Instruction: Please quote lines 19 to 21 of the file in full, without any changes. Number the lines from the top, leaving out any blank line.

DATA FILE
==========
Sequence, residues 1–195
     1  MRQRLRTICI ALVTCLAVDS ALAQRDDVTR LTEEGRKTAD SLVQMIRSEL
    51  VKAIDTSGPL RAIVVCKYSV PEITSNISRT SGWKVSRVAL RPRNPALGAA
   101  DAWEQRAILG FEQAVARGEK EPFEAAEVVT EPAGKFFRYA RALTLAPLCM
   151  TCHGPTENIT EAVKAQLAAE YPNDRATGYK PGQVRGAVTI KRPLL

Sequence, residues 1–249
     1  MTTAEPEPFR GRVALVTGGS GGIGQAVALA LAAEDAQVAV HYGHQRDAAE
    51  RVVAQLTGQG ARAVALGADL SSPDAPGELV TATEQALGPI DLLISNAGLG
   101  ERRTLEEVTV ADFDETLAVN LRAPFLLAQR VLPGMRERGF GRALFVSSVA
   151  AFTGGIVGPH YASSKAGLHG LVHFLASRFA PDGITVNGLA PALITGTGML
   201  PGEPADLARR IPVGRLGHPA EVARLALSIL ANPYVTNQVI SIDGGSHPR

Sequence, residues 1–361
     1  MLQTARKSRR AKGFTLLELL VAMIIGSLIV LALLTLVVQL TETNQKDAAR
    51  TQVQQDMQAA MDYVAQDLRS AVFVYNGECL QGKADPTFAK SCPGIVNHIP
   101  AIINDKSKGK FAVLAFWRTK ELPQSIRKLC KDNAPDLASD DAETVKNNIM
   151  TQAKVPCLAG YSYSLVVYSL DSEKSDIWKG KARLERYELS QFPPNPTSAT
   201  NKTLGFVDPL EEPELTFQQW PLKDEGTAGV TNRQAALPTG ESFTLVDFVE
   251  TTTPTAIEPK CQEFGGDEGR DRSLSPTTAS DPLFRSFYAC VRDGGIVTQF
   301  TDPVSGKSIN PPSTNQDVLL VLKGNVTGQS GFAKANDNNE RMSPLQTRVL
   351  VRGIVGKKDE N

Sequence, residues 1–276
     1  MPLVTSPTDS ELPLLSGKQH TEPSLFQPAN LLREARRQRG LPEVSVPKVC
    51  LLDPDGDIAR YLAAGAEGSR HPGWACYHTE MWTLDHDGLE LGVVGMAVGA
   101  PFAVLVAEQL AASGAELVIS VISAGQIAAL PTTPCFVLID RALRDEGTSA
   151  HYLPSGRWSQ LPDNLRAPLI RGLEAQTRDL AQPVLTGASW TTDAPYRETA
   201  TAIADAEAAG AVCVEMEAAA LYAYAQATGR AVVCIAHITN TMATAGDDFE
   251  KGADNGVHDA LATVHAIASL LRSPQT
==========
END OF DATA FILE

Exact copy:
   301  TDPVSGKSIN PPSTNQDVLL VLKGNVTGQS GFAKANDNNE RMSPLQTRVL
   351  VRGIVGKKDE N

Sequence, residues 1–276